The way we train (we = gun owners that carry for protection, as I do - I don't check my mail without being armed) is called "the 21-foot rule." If I am forced to brandish my firearm, I have an invisible circle of 21 feet. If you come within that circle, my duty to retreat is done and it's two the chest and one to the head. Better judged by 12 than carried by 6.

The reason for this is simple: It takes the average person the exact same time to traverse 21 seconds and slash with a knife as it takes the average person to steady, remove safety, and squeeze off a round. It's a matter of reaction time.

I absolutely, positively would have ignored the police and confronted the burglars. Those of you saying you would not have should be ashamed of yourself. What is this country coming to? "It's just stuff..." Yes, and if we all took that attitude, crime would be even more rampant: "OK, dude, it's just stuff, take it, I don't want to have to hurt you." The whole argument that it can be replaced is preposterous - it shouldn't have to be! :B

However, with that said, there's a right way and a wrong way to intervene in a crime. I would have gone out there and held them until the police finally showed up. They would have been given the same warning: Move and you're dead. If they approached me and broached 21 feet, I would have killed them. If they ran away, however, all I can do is tell the cops which direction or, if on a cell, follow them and remain in contact with the police. The question we don't have an answer to is this: Did the criminals present themselves as an approaching threat? If yes, Texas has no duty to retreat and the man did the right thing ventilating them. If no, he's a murderer.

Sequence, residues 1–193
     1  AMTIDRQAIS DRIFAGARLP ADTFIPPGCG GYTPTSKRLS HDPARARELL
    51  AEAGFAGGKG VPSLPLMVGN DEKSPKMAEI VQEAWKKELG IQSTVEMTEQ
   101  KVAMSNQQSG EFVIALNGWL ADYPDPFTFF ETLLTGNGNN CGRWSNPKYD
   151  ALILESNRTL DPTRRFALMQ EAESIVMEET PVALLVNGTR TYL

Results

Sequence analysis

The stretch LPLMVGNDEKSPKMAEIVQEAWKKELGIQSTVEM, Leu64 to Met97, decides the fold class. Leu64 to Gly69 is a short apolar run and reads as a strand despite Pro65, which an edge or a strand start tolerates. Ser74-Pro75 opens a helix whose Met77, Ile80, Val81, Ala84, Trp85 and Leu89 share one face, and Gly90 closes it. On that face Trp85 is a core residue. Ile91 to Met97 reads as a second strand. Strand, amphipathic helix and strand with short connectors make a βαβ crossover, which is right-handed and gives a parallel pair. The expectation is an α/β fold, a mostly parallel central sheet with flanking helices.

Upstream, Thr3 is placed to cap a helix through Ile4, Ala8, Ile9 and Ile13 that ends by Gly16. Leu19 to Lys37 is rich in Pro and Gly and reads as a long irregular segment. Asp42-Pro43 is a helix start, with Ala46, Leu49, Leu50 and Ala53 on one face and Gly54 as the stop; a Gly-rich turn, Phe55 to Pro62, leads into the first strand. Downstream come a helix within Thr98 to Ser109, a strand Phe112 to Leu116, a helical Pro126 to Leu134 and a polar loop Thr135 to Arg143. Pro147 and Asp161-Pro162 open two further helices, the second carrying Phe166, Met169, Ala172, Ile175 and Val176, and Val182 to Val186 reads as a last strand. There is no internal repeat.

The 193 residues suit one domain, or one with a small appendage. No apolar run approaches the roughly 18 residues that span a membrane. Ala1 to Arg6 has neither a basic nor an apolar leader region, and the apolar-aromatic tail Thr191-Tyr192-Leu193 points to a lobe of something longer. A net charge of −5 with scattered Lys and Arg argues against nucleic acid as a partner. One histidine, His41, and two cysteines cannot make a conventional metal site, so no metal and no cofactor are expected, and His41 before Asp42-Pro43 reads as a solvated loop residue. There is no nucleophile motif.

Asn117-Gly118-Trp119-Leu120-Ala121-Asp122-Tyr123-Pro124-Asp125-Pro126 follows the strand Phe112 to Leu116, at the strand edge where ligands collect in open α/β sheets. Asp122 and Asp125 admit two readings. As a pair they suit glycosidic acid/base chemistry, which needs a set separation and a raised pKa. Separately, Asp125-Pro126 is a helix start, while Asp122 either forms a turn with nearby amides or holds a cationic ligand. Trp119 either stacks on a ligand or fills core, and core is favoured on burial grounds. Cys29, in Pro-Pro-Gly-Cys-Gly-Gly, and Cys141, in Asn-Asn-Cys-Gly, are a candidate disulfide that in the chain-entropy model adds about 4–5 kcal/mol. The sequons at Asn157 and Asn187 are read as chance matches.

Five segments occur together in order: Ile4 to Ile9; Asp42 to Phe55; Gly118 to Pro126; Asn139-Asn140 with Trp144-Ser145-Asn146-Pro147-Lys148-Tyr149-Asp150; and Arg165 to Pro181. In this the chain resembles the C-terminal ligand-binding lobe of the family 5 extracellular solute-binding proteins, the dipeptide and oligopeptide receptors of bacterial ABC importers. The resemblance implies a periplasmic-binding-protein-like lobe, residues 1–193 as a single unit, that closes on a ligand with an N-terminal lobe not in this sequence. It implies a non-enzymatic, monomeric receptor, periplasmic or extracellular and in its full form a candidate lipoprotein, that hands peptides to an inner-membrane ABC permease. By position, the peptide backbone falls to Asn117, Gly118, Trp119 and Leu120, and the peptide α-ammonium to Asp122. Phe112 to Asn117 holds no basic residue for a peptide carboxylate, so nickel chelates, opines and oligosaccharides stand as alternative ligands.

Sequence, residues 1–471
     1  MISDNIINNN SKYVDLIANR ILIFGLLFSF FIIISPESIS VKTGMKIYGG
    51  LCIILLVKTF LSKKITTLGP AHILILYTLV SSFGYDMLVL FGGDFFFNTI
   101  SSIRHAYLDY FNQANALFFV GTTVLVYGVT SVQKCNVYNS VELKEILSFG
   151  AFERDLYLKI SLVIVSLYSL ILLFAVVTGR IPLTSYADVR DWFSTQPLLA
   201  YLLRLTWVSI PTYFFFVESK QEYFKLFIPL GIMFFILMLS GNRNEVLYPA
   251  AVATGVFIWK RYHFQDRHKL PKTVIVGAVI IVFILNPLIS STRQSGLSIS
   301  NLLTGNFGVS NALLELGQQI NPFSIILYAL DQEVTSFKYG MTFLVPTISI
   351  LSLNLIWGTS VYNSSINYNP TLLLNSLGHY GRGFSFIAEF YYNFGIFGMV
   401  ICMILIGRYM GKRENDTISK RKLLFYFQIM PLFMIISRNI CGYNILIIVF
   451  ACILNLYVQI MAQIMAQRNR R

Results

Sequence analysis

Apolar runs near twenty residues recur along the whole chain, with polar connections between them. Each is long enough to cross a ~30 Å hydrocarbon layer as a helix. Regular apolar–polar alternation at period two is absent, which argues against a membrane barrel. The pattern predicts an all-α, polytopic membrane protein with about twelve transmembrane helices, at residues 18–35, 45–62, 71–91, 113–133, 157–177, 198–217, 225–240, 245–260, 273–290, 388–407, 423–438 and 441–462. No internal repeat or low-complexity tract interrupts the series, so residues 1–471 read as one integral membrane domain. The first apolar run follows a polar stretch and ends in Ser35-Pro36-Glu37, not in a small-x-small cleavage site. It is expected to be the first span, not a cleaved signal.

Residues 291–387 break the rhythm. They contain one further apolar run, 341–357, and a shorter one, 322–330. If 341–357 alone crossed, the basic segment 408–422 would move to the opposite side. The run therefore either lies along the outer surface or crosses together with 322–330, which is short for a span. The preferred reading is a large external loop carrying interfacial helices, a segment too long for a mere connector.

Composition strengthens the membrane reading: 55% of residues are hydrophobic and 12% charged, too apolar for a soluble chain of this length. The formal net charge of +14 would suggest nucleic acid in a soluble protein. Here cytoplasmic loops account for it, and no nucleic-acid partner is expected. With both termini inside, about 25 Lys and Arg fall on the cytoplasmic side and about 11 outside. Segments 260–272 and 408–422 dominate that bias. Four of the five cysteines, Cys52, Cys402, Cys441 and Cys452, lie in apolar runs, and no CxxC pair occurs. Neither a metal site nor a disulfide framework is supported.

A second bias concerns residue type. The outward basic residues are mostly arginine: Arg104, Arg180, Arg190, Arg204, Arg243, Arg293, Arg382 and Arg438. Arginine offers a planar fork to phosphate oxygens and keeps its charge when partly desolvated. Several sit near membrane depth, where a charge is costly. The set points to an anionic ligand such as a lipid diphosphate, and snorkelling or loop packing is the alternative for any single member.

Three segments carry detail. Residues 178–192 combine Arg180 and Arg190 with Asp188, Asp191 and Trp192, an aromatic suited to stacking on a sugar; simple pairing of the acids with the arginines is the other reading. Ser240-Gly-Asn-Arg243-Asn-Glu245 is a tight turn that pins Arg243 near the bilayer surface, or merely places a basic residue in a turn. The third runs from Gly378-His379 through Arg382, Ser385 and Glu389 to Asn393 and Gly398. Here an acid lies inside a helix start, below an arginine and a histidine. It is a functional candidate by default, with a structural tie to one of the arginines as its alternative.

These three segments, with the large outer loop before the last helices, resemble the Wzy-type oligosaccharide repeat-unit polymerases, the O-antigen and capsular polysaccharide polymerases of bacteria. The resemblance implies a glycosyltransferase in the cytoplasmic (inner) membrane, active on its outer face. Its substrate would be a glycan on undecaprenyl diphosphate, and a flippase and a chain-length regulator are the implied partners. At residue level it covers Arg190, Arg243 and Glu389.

As Christians, we sometimes forget that loving our neighbors means we have a duty to protect them. The logic here about "how do we know they wouldn't have been saved eventually" is red herring fallacy: How do we know Saddam Hussein would have never been saved? Adolph Hitler? God gives us all free will, free choice, and every human being knows very well that tomorrow may be the last day alive. These two pieces of garbage knew that morning that they could die, they denied Christ anyway, and they made an informed, cognitive decision to ruin another's life. Justice was served.

Save your pity for those with dependency issues, the sick, the downtrodden, those who have given up. We should always love those who refuse Christ, as they are still His children, but we should not pity men who create their own destiny out of defiance to God, Who told us not to steal.


Originally posted by Matthew:

I have another question for everyone, but especially for those who think Mr. Horn was justified. Would the police have been justified in shooting the burglars? Let's say that they police confront them, yell "Move, your dead, " they both try to get away (making an assumption here) and the police shoot them. Justified?

As I stated, "trying to get away" obligates the police to give chase, not to shoot them. The police are bound by their responsibilities to follow their department's escalation of force scale, and no department out there gives an officer the right to fire on a fleeing suspect.